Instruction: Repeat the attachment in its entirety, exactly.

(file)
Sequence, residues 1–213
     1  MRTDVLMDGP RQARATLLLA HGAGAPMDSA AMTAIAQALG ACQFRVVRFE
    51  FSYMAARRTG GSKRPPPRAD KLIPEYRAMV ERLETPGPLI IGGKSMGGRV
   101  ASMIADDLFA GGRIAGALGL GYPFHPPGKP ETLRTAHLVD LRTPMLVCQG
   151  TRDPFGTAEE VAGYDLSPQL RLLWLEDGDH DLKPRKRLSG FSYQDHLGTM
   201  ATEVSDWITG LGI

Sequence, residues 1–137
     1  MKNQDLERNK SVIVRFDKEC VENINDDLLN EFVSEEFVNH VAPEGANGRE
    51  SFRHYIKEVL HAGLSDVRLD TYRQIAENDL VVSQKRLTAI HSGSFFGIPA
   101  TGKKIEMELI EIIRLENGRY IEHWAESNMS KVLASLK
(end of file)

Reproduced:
Sequence, residues 1–213
     1  MRTDVLMDGP RQARATLLLA HGAGAPMDSA AMTAIAQALG ACQFRVVRFE
    51  FSYMAARRTG GSKRPPPRAD KLIPEYRAMV ERLETPGPLI IGGKSMGGRV
   101  ASMIADDLFA GGRIAGALGL GYPFHPPGKP ETLRTAHLVD LRTPMLVCQG
   151  TRDPFGTAEE VAGYDLSPQL RLLWLEDGDH DLKPRKRLSG FSYQDHLGTM
   201  ATEVSDWITG LGI

Sequence, residues 1–137
     1  MKNQDLERNK SVIVRFDKEC VENINDDLLN EFVSEEFVNH VAPEGANGRE
    51  SFRHYIKEVL HAGLSDVRLD TYRQIAENDL VVSQKRLTAI HSGSFFGIPA
   101  TGKKIEMELI EIIRLENGRY IEHWAESNMS KVLASLK